259 F2d 836 Williams v. United States
259 F.2d 836
Elie Linwood WILLIAMS, Appellant,
UNITED STATES of America, Appellee.
United States Court of Appeals Fourth Circuit.
Argued Oct. 6, 1958.
Decided Oct. 13, 1958.
Richard B. Kellam, Norfolk, Va., for appellant.
L. S. Parsons, Jr., U.S. Atty., Norfolk, Va., for appellee.
Before SOBELOFF, Chief Judge, HAYNSWORTH, Circuit Judge, and HARRY E. WATKINS, District Judge.
Convicted under two counts of violating the Internal Revenue Act, 26 U.S.C.A. 5632, by possessing and concealing whiskey upon which the required federal tax had not been paid, the appellant here raises the sole contention that the trial judge should not have refused his motion for a directed verdict of acquittal, and should not have submitted the case to the jury.
There was substantial evidence from which a jury would fairly find guilt. A Government agent testified that he first saw Williams and two other men standing by a parked car in front of Williams' store; that the three walked to the rear of his store where they stayed for a minute or so, and that they then walked back to the car together. On this walk McKinley Jones, one of the men, was carrying an open box in his arms. Jones put the box on the ground, opened the trunk of the car and deposited the box therein. All of this was done in Williams' presence. The two others then entered the automobile and drove away.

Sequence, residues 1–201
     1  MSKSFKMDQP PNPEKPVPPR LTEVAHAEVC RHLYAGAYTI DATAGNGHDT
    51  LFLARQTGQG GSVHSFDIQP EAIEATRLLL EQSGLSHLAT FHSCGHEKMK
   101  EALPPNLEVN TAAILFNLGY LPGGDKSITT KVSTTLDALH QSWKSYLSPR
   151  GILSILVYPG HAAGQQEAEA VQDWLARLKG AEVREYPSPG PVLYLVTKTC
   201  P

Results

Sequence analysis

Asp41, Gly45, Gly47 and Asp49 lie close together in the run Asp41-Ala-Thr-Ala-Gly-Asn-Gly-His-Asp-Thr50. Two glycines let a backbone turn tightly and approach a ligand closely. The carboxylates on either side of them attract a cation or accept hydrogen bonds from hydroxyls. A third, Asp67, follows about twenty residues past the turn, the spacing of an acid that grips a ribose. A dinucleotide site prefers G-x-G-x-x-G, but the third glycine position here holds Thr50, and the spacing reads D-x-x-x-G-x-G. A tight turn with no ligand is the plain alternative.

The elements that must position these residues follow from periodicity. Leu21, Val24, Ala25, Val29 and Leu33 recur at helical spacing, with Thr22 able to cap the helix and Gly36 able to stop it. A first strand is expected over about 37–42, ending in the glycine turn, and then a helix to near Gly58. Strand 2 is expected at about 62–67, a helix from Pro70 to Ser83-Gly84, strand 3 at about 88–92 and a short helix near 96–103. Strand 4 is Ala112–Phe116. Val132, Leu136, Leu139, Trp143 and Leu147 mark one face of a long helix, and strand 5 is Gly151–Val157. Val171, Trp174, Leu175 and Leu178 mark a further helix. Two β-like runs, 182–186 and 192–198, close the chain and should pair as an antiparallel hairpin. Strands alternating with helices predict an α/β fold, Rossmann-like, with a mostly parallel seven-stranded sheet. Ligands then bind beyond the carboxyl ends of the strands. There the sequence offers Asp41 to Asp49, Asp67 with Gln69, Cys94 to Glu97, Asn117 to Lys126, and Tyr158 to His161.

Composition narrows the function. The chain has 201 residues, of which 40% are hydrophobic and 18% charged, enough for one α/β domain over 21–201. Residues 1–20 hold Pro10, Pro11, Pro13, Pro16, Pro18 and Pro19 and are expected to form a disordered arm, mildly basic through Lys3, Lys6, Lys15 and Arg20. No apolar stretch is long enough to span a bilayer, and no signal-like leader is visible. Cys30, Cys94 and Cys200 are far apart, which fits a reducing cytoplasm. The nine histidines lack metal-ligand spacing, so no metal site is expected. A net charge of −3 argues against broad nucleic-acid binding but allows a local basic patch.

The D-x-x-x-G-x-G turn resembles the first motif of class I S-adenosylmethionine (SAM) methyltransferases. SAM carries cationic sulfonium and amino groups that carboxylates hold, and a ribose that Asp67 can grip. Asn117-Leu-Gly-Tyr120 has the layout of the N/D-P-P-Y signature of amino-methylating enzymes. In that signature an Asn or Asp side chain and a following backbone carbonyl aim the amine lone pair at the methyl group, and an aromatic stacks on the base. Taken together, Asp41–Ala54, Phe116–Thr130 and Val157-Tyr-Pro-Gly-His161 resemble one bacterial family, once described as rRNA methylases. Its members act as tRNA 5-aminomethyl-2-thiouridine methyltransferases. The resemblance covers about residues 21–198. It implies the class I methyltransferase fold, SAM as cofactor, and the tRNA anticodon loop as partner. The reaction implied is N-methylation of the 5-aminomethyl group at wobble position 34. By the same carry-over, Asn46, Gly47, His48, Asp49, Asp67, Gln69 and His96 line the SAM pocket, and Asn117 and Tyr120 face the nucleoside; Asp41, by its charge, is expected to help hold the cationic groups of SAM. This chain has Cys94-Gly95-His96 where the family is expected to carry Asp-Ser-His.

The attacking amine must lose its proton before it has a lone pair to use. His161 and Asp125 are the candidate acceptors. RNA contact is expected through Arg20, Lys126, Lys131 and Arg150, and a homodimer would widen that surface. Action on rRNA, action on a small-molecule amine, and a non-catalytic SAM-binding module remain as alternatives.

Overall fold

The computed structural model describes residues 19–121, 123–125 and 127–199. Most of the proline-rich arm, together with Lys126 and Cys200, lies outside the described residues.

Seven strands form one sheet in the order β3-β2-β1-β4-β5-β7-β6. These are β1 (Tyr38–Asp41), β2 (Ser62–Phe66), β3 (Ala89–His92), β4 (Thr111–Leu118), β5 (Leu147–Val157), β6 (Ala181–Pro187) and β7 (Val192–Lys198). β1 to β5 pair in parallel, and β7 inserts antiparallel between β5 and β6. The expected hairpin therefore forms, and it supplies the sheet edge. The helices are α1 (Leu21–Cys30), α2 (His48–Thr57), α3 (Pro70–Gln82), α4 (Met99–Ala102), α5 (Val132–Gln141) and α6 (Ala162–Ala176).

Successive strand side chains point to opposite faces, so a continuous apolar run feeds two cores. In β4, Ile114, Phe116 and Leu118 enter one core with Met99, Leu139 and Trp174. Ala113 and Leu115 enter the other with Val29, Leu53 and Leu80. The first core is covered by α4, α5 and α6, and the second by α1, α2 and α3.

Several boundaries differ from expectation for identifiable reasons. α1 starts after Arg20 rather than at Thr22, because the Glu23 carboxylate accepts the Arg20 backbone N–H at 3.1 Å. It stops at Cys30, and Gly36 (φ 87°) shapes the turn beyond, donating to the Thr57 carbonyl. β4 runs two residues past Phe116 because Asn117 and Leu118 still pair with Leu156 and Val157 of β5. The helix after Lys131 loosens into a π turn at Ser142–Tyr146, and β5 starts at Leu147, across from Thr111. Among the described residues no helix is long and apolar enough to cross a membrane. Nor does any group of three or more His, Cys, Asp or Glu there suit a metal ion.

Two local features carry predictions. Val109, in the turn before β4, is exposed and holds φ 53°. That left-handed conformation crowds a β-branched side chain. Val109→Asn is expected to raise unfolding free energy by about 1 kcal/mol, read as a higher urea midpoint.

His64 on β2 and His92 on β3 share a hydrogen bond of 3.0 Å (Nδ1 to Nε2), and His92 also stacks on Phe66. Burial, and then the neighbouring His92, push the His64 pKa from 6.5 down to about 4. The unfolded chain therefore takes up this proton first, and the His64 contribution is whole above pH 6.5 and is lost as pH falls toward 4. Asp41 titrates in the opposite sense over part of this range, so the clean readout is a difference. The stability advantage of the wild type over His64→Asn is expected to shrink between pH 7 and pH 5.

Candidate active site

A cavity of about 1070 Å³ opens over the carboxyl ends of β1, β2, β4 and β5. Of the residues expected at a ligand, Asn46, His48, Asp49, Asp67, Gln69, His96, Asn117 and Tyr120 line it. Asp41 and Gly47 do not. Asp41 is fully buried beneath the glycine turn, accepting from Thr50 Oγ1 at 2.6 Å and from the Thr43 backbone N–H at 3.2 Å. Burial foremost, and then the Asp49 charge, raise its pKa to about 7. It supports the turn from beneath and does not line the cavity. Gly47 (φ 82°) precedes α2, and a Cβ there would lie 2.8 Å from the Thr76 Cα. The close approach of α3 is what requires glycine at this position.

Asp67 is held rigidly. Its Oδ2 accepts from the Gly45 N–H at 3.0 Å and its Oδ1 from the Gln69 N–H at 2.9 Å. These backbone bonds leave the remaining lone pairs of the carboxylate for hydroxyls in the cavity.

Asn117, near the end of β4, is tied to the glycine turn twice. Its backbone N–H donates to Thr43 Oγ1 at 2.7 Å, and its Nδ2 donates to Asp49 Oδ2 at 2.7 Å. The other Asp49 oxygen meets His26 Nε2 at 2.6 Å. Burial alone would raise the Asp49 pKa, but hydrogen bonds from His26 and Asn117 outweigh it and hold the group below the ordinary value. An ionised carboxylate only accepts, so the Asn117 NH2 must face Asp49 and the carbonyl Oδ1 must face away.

The agent followed the car and, when he stopped it some distance away, he found in the trunk the cardboard box which he had seen carried from Williams' store, and in that box was a five-gallon jar of 'moonshine' whiskey. Returning to the store, the officer observed two similar empty five-gallon jugs being placed by Williams in another car. The officer later found two such jugs between Williams' store and his house behind the store.
We perceive no error in the submission of this evidence to the jury.